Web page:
Our Living Context
Ecologist Martin Ogle
I spend much time in the woods as I always have because that is what my Father taught me to do for recreation and mental well-being. When I was a young boy, we would hike with Dad and Grandfather following a country stream into the woods. Sometimes we would fish, pick berries, fruit, or mushrooms. Mostly, it was about observing nature, seeing birds and animals and appreciating our ecology.
I visited the nature center at Potomac Overlook Park one morning where I met Martin Ogle, chief naturalist for the regional park. By chance, I learned that he would be lecturing about Gaia at the Arlington Artisphere last evening. (Artisphere is housed where the Newsium used to be in Rosslyn.)
“Experience Earth through the eyes of our ancestors and the most recent, scientific understandings. This multi-media presentation by Martin Ogle, Chief Naturalist of the Northern Virginia Regional Park Authority blends micro and macro levels images of our planet, cultural symbols of Earth and the scientific story of life.”
Being one with the universe
“The Earth personified as a goddess, daughter of Chaos.”
Ogle presented a description of Gaia, our Earth, with a theme of our being one with it. He told stories as recreating an encounter by a Native American boy with a big rock that was to have been the source of all stories.
When he was officially telling stories, he wore a leather head band and would intermittently pound a drum song, or sometimes play a flute or make sounds from a bowl. He used rocks as props too, to discuss geology and paleontology. Projected on the round screen behind were visuals bearing photographs of the universe, planets, nature, and scenes from Potomac Overlook Park.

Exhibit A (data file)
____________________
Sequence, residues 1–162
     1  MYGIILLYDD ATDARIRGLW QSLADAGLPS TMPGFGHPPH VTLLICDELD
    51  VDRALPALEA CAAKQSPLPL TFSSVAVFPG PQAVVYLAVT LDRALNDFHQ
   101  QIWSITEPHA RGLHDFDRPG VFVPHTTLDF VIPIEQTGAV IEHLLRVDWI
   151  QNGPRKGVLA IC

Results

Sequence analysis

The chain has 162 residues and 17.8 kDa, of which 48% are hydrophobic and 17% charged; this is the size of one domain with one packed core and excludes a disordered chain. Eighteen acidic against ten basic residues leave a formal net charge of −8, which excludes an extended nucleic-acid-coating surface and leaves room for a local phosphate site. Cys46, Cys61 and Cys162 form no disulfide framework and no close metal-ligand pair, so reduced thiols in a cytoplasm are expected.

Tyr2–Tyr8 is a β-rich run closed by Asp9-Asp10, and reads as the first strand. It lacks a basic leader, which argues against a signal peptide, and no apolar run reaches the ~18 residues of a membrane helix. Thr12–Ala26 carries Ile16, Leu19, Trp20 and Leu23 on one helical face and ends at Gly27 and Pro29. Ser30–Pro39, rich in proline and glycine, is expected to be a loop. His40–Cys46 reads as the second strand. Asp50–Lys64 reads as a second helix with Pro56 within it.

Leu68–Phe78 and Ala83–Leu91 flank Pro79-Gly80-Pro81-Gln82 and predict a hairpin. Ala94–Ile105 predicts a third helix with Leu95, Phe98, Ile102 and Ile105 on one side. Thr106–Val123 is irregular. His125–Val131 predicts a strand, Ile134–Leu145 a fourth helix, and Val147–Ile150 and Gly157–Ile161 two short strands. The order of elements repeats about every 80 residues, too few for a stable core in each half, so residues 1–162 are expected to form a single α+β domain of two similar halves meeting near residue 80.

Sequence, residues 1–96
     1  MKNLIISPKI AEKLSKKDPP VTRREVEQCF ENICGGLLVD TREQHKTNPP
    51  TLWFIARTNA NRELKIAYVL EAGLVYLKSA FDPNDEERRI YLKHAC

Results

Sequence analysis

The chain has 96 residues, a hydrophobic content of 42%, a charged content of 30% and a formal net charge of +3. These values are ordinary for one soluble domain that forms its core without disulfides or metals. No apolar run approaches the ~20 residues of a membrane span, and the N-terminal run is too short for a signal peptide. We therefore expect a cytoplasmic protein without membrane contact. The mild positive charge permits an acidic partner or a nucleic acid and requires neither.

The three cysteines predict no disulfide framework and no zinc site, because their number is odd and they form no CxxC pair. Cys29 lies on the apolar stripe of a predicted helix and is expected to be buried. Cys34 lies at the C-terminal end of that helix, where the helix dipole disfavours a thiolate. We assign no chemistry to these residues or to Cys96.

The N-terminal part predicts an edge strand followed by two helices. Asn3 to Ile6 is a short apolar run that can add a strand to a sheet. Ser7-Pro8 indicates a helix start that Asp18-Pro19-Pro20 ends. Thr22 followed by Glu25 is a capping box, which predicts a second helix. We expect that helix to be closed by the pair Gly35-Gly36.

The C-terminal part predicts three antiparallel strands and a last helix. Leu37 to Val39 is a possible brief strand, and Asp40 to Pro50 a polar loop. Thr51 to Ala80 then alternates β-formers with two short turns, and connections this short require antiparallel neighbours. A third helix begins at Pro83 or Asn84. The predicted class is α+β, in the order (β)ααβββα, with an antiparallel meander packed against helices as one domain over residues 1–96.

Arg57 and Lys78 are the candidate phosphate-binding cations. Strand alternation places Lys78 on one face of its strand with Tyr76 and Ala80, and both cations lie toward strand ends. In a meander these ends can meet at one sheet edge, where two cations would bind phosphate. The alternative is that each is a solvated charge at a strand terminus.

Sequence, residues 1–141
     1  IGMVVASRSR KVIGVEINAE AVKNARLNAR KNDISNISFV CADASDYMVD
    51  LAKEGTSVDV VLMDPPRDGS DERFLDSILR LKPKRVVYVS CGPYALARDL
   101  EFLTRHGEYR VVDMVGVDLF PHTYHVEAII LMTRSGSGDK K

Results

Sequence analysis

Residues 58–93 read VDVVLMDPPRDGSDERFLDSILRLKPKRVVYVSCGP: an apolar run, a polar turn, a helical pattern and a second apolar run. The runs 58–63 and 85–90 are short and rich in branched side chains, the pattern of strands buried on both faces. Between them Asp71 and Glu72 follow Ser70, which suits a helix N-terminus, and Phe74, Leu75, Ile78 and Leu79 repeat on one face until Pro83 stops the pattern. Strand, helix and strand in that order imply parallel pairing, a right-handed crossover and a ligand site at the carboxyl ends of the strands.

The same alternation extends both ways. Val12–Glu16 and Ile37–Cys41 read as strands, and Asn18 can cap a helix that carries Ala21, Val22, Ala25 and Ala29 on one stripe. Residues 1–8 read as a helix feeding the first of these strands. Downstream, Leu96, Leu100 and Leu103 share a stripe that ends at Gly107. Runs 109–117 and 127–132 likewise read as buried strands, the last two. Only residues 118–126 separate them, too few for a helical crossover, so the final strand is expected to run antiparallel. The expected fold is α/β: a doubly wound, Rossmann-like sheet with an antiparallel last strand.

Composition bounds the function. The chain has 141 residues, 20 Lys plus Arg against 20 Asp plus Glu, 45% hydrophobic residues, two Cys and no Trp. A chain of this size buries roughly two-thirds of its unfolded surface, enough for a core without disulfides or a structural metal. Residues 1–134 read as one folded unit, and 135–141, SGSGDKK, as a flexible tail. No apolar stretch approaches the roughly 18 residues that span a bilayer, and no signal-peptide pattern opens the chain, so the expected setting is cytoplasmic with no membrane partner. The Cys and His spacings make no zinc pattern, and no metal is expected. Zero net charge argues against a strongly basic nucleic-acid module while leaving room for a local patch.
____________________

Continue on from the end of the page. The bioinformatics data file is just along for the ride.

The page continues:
To me, one of the interesting descriptions was his comparing our human biochemistry and physiology with that of the Earth and universe as we are all systems being parts of a greater system.
Contemplating our relationship to the larger universe was a refreshing break from the daily grind of political news on the other side of the Potomac.
“Gaia in Turmoil
Climate Change, Biodepletion, and Earth Ethics in an Age of Crisis
Edited by Eileen Crist and H. Bruce Rinker
Foreword by Bill McKibben
Table of Contents and Sample Chapters
Gaian theory, which holds that Earth's physical and biological processes are inextricably bound to form a self-regulating system, is more relevant than ever in light of increasing concerns about global climate change. The Gaian paradigm of Earth as a living system, first articulated by James Lovelock and Lynn Margulis in the 1970s, has inspired a burgeoning body of researchers working across disciplines that range from physics and biology to philosophy and politics. Gaia in Turmoilreflects this disciplinary richness and intellectual diversity, with contributions (including essays by both Lovelock and Margulis) that approach the topic from a wide variety of perspectives, discussing not only Gaian science but also global environmental problems and Gaian ethics and education.”